More realistically, the President will sustain the current low-tax, business-friendly environment, which would support small businesses looking to recover from the COVID-19 crisis. Additionally, if the House and/or Senate contains a Democrat majority, that would create a system of checks and balances to either party’s policies.

Most Likely Scenarios

Biden—President
House & Senate Democrat

Biden—President
Split Congress

Trump—President
Split Congress

Driver for Change

Progressive legislative agenda

Increased regulation

Regulatory relief;
Executive actions

Tax Policy

Repeal of 2017 TCJA;
Increase taxes on corporations and wealthy individuals

No Action;
Allow TCJA to expire in 2025

Payroll tax deduction;
Attempt to make some or all of TCJA permanent

Top Issues

Climate, infrastructure, healthcare

Climate, infrastructure

Trade, deregulation

Potential Winning Sectors

Clean energy, green technologies

Exports—
consumer discretionary, industrials

Small businesses, financials, energy

Potential Losing Sectors

Big-tech, defense, energy, healthcare providers

Technology,
healthcare

Pharmaceuticals,
bonds

 

If Biden Wins

There is a widespread view that if Joe Biden takes the White House, he would usher in a leftist agenda that would send stocks tumbling. We could expect higher taxes, more regulation, big-tech scrutiny, and a renewed focus on centralized healthcare—all of which have a negative connotation when it comes to Wall Street. However, historically speaking, markets have generally performed slightly better when a Democrat sits in the Oval Office. Consider the following facts:

  • 10 out of the past 11 recessions have begun during a Republican presidency
  • Going back to 1926, the average calendar return for the S&P 500 was 14.9% with Democrats in the White House, as opposed to 9.1% for Republicans

So, going by history, a Biden presidency could be as good, if not better, than the status quo. For one, Biden would take a less hawkish stance on trade, which created tremendous uncertainty for businesses during President Trump’s term in office. Most notably, a Biden presidency will likely support higher taxes on the wealthiest Americans (those who make in excess of $400,000 per year), as well as corporations. Biden would almost certainly reinstate several Obama-era regulations and reengage with the international community on environmental pacts such as the Paris Agreement on climate change.

Given voters’ tendencies to vote party lines when calling for change, if Biden wins it is likely that voters will also elect a Democratic majority in the Senate and House. If this “Blue Wave” comes to fruition, a legislative agenda focused on infrastructure, healthcare and climate change becomes likely. While both parties agree that we need to invest in infrastructure, neither agree on how to pay for it or what to prioritize. While Trump would likely focus on traditional infrastructure such as bridges and highways, Biden would also sponsor clean energy initiatives (and both have expressed intent to invest in 5G cell towers).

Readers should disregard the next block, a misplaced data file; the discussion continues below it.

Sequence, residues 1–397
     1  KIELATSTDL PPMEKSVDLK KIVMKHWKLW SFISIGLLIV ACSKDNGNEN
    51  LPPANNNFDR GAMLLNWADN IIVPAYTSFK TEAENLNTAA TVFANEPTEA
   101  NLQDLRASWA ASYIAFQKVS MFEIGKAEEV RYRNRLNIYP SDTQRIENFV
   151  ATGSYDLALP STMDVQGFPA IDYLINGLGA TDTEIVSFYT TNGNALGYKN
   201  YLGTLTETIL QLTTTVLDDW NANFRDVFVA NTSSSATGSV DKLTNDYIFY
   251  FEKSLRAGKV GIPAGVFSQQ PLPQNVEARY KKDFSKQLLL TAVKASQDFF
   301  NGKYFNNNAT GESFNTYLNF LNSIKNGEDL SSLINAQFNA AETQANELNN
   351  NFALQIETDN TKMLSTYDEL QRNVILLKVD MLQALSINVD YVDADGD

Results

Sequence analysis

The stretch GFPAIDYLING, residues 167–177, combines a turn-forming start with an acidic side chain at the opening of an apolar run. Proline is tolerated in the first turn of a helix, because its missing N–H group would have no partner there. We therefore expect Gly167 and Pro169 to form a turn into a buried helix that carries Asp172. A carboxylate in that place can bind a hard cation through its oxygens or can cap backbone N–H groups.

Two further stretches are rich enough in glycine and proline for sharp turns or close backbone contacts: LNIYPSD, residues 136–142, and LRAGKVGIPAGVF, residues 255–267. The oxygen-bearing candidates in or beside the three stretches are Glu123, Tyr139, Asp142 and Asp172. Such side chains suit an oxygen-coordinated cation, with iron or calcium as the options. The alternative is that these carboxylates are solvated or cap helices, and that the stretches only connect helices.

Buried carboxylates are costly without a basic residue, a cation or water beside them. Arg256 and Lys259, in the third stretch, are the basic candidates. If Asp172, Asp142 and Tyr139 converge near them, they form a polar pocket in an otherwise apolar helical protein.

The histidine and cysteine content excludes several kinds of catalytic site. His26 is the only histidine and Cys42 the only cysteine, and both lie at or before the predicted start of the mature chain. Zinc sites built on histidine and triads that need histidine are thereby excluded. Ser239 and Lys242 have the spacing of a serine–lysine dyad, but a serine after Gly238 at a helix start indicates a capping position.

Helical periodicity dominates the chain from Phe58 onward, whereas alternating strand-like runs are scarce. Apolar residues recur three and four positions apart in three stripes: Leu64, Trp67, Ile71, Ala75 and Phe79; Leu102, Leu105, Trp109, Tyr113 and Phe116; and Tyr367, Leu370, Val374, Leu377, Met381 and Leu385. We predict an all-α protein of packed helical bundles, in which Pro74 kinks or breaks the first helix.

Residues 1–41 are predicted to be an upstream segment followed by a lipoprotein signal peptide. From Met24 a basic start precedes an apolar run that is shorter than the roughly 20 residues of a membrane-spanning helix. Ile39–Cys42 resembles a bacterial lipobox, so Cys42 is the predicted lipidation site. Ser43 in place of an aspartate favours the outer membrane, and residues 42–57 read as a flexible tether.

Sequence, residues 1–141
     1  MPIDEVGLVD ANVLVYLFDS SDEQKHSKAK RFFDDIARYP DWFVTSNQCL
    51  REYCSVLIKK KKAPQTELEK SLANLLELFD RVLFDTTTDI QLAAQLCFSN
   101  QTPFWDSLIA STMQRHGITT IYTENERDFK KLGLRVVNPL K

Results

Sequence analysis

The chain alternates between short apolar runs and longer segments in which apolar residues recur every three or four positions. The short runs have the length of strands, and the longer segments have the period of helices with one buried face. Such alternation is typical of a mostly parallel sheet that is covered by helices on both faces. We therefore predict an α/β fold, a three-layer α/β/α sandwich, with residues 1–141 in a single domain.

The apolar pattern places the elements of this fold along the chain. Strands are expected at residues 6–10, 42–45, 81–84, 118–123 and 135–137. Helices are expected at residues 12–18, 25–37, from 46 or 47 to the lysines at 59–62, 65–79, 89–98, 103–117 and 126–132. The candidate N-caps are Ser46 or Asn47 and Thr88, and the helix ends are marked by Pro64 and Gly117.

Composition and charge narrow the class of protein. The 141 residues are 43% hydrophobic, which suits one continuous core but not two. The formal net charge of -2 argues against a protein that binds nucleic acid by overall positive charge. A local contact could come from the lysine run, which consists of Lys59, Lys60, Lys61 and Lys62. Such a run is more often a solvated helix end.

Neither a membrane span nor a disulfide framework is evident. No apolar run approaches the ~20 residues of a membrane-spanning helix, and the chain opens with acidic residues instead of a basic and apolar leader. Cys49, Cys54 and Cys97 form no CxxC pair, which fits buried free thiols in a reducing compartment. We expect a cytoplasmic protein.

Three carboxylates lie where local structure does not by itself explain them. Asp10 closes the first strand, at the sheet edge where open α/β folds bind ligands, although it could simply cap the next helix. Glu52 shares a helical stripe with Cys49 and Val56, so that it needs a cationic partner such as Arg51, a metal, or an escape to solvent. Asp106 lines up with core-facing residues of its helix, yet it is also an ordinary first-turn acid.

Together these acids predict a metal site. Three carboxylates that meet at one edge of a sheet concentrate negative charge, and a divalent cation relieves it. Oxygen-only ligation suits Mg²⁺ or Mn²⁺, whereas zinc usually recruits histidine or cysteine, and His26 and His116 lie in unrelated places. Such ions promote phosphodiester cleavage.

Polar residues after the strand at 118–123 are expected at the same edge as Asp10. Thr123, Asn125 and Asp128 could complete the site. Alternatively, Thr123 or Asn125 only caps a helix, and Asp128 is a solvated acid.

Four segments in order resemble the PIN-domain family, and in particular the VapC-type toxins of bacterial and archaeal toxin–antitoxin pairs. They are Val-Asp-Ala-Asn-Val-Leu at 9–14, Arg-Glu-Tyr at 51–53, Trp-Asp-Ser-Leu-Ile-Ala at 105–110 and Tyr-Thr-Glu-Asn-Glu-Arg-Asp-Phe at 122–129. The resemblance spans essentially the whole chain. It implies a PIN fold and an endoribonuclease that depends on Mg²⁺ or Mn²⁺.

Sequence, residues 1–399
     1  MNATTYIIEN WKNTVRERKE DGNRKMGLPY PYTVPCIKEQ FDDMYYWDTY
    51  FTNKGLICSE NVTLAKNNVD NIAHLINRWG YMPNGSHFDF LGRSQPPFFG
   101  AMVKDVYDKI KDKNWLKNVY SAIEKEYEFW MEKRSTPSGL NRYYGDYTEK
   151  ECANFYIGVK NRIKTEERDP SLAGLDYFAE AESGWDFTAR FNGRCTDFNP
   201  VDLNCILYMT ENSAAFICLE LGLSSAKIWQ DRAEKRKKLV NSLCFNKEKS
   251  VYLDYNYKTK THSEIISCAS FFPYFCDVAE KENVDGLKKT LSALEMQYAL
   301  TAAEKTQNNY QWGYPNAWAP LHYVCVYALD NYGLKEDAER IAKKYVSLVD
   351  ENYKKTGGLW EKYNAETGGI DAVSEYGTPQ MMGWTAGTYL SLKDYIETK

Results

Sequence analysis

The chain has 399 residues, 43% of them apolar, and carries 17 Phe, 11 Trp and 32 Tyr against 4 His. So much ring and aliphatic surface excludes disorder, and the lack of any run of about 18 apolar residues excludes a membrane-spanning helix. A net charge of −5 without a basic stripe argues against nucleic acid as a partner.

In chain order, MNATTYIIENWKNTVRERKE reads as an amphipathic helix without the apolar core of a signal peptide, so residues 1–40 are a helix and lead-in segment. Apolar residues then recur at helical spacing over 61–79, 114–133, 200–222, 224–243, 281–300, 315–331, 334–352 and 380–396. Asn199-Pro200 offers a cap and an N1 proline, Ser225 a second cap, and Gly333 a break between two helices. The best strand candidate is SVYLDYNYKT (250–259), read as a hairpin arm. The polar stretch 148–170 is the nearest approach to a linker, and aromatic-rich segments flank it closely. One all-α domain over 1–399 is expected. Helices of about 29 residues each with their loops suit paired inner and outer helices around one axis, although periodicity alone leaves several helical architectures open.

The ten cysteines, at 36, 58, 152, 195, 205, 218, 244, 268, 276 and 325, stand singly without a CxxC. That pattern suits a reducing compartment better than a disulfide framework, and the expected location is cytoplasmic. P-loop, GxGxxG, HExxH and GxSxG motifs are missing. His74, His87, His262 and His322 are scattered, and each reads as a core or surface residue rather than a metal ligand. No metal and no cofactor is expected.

One sector which may face pressure with Biden in control could be Big Tech, which has had a tremendous run in 2020 and over the past several years. Just five companies represent almost 25% of the broad U.S. market, but they could be challenged under a more onerous tax regime. Biden has proposed doubling the global minimum tax on offshore income (currently 10.5%) to 21%, which would notably hurt the bottom line for these and other multinational corporations. We could also see more scrutiny from an antitrust perspective, as many view these businesses as monopolies and harmful to small businesses.

Finally, if Democrats control both the Executive and Legislative branches, there could be an increased focus on using fiscal policies to help the current economic recovery and on a go-forward basis. In the long run, this could relieve some of the Fed’s monetary burden, allowing interest rates to normalize more quickly than most anticipate. In addition, Biden would almost certainly be less critical of the Fed, relieving some of the politics that lately have influenced our Central Bank, a traditionally independent institution.

Market Recap

market performance thru Aug

Though it was widely anticipated, an important revelation came out of the annual Jackson Hole Economic Policy symposium, which was held virtually in late August. Fed Chair Jerome Powell revealed the Fed’s new strategy of allowing inflation to run above target, assuming it had remained well below target for a sustained period. This new strategy focuses more on maximizing employment and is less rigid about raising rates the moment 2% inflation is reached. This means that the Fed will be less likely to tighten money supply in anticipation of inflation that may not materialize, and they have given themselves cover to maintain a zero-rate interest rate policy and inflated balance sheet for the foreseeable future.